Immune dysfunction



Testing for immune and metabolic dysfunctions

    • The extent  of the global immune and   /   or metabolic dysfunctions are evaluated by testing:
      • cytokine expression
      • elastase and perforin mRNA expression
      • oxidative stress, heavy metals, molds
      • macrophage phagocytic activity
      • sCD14 expression
      • C3a & C4a expression
      • CD57 cell subset absolute count
      • prostaglandine E2 (PGE2) synthesis
      • VEGF synthesis
      • ammonia accumulation
      • kynurenic and quinolinic acid accumulation, and many more


Testing for Immune dysfunctions

    • The extent of the global immune dysfunction is evaluated by testing:
      • cytokine expression
        • A principal avenue of investigation has been the measurement in blood of immune signals conducted by cytokines.
        • In animal studies, administration of pro-inflammatory cytokines (IL-1, TNF-α, and IL-6) directly into the brain can induce “sickness behaviors” that strongly resemble the symptoms of CFS. In particular, decreased motor activity, altered food and water intake, sleep and cognition have been linked to increases in the levels of IL-1b, IL-6 and TNF-α [Dantzer et al. Nat Rev Neurosci 2008]
        • In humans, systemically administered pro-inflammatory cytokines, such as IL-6 and TNF-α typically induce a systemic inflammatory response


Cytokine imbalances in autism spectrum disorders

Ashwood et al. (Brain Behav Immun. 2011) reported on significant increases in plasma levels of a number of cytokines, including IL-1β, IL-6, IL-8 and IL-12p40 in the ASD group compared with controls.

-Suzuki et al. (PLoS One 2011) reported that the plasma concentrations of IL-1β, IL-1RA, IL-5, IL-8, IL-12(p70), IL-13, IL-17 and GRO-α were significantly higher in subjects with ASD compared with the corresponding values of matched controls.

-Okada et al. (Prog Neuropsychopharmacol Biol Psychiatry 2007) and Ashwood et al. (J Neuroimmunol. 2008 ) reported on decreased serum levels of transforming growth factorbeta1 (TGFb1) in patients with autism, with lower TGFb1 levels associated with lower adaptive behaviors and worse behavioral symptoms, suggesting that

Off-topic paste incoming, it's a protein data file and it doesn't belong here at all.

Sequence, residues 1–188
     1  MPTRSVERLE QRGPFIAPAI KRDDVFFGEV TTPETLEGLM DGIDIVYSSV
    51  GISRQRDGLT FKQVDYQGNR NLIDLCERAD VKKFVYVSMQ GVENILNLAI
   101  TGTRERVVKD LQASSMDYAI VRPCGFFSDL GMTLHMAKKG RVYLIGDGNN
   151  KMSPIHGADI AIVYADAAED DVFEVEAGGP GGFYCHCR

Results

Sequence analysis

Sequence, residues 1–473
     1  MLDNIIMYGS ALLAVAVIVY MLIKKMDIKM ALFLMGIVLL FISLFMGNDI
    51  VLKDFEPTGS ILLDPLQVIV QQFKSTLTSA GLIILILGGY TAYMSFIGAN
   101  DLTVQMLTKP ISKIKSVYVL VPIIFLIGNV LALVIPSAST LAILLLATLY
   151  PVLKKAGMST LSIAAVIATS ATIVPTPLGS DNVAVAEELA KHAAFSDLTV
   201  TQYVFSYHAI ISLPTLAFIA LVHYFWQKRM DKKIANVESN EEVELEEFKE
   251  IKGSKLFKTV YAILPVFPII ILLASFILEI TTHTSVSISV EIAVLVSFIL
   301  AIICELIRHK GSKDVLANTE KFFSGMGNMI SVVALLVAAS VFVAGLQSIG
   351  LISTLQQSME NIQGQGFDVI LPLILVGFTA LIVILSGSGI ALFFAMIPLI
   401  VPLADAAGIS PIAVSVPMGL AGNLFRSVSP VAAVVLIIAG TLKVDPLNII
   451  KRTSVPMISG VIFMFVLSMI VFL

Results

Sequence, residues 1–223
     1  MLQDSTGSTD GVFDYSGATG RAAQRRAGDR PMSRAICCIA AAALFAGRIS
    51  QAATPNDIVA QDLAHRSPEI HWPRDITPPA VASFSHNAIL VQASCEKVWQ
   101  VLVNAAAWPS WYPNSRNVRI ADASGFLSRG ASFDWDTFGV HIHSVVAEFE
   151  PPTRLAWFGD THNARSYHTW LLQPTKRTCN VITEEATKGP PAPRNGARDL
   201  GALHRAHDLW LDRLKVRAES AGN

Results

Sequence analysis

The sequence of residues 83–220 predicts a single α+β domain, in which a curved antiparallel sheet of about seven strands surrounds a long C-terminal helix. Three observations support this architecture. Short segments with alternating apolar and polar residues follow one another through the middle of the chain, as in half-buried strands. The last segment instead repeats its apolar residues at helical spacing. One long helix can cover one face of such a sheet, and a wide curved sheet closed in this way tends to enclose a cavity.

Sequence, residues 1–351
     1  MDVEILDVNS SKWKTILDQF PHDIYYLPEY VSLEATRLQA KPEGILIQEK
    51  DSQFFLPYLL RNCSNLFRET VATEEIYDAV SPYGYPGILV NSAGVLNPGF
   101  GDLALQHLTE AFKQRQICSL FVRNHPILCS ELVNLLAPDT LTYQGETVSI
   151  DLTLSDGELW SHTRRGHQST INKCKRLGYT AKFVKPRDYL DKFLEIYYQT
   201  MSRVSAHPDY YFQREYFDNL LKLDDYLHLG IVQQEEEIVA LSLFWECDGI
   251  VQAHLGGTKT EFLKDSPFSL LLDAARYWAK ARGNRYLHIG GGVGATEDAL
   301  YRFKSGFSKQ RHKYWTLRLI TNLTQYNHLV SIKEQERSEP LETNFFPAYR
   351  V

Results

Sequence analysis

-Al-Ayadhi LY1, Mostafa GA – J Neuroinflammation. 2012 9:158. reported that Children with autism had significantly higher serum IL-17A levels than healthy controls (P <0.001), with increased serum levels of IL-17A found in 48.9% of the autism group.

    • Patients with severe autism had significantly higher serum IL-17A levels than those with mild to moderate autism (P=0.01), and raised serum IL-17A levels were significantly more common in children with severe autism (67.9%) than in those with mild to moderate autism (17.6%), P=0.001.
    • Serum IL-17A levels were raised in the group with autism, and the levels correlated significantly with the severity of autism
    • Further research is warranted to determine whether the increase of serum IL-17A levels plasma has a pathogenic role in autism, and whether anti- IL-17A therapy could be useful.


Testing for Immune dysfunctions

•    The extent of the global immune dysfunction is evaluated by testing:

    • elastase mRNA expression : a marker of inflammation
      • Elastase is an inflammatory protease expressed in immune cells (monocytes, neutrophils) that contributes to immune defense by inactivating foreign bacteria but at the same time it causes damage to connective tissue, breaks down cytokines, immunoglobulins and immune cells receptors. An excess, chronic production of elastase is therefore detrimental.
    • perforin mRNA expression : a mean to evaluate NK cell activation
      • Since NK cells play a central role in the defense against viruses, decreased NK activity can lead to the development of opportunistic viral infections. NK cells exert their cytotoxic effect by releasing perforin, a protein that will destroy the cytoplasmic membrane of target cells and finally kill them.